By Aaron Ramson
Look, I’m not precious about beer, I promise. Even the Bavarians with their Reinheitsgebot, that was as much about big-bread lobbyists (In 1516 even, who would have thought?) making sure that brewers stuck to brewing with barley and left wheat alone, ensuring that there would always be plenty of wheat for bread making; the German beer purity law of 1516 was as much about that as it was about keeping cheap adjuncts out of beer. Depending on where you get your information, pro- Reinheitsgebot advocates will tell you that the idea of banning adjuncts from beer came purely from the virtuous want of consumer protection. According to the official Reinheitsgebot webpage, “some very dubious ingredients were regularly mixed into beer, such as henbane, thorn-apple, wood shavings, roots, soot or even pitch. It didn’t really matter, as long as the appearance, flavor and the intoxicating effects were convincing enough. At times, serious blunders were also made in the selection of some of the more intensely aromatic and flavorful additives. If a brewer miscalculated with some of these ingredients, at the very least, his guest might have been overcome by malaise; at worst, the sip of beer would become his last.” I mean, I see what they’re saying, because I feel that same way about brewers putting whole frozen pizzas and actual money in their beer. Big Ass Money Stout by Evil Twin Brewing, is perhaps the gimmickiest beer of all time, and I almost gave myself a stroke by rolling my eyes as hard as I did when I read about its existence.
But not all adjuncts are dangerous, stupid or cringey; using simple sugars in beer has remained a hallmark of Belgian-style brewing for centuries. In brewing terms, an adjunct is any kind of fermentable sugar that’s not a malt; the word malt referring to malted barley. Because big companies like AB InBev and MillerCoors brew lagers laden with huge portions of rice and corn as a means to cheapen production costs, early craft brewers prized themselves as modern purveyors of the Reinheitsgebot, brewing pale ales and stouts made with water, hops, barley, yeast, and nothing else. While many delicious beers are made with those simple ingredients, no intriguing beers are made that way. Let’s face it, progress means that nothing stays the same for long, and it was only a matter of time before craft beer started to incorporate adjuncts back into beer, as a means to literally spice things up a bit.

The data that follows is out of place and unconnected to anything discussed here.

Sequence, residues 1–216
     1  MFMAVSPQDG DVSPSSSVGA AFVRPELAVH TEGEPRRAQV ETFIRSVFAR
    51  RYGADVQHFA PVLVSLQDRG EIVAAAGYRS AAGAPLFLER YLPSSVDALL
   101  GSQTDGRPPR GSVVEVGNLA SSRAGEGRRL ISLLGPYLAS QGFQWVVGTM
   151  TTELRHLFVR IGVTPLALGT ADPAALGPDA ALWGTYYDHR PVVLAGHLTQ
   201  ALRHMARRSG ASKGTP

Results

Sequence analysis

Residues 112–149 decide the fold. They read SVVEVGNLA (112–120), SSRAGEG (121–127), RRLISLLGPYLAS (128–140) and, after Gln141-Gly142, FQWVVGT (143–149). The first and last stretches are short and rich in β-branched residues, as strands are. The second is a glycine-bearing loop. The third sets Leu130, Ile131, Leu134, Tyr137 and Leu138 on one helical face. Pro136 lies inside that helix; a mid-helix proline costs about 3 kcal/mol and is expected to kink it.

Corn Sugar is probably the most commonly used adjunct in craft brewing and one that’s not widely talked about, lest the gate keeping craft puritans of the internet have another reason to keep smugly preening. I’ve read comments by the craft drinking elite that Dogfish Head beers are inferior because of the amount of corn sugar used in their high alcohol brews. Do you know what famously made IPA uses corn sugar as an ingredient? Pliny the Elder. That’s right, you all-malt misanthropists, dextrose is used in many double and triple IPA’s to lighten the body and promote attenuation in the same way that Belgians use rock candi sugar in their beers. Honey, agave nectar, maple syrup, and molasses are all commonly used in craft brewing as well, with all of those sugars adding flavor as well as alcohol. One of my favorite adjuncts in beers has come to be the marshmallow.
Marshmallows are made from four ingredients: Sugar, water, air, and a whipping agent/aerator; usually a mixture of albumen (derived from egg whites) and gelatin. Vanilla extract is used in standard marshmallow as a flavoring agent, giving those fluffy little treats their signature flavor. One of the greatest treats ever is the marshmallow toasted over an camp fire, the sugars caramelizing on the outside into a maillard reacted crust, while the inside of the marshmallow becomes a molten, squishy sponge. Those flavors of toasted, roasted sugars and vanilla sit perfectly in a stout, which is why the marshmallow stout, the campfire stout, and the S’mores stout are some of my favorite variations of the style.
If you’re looking to try a marshmallow stout, Garage Brewing has a milk stout with marshmallows, but it’s Highwater Brewing’s Campfire Stout that takes the cake for me. Both are available at Total Wine and More and also at Bevmo, and are perfect beers for the cooler season that’s upon us.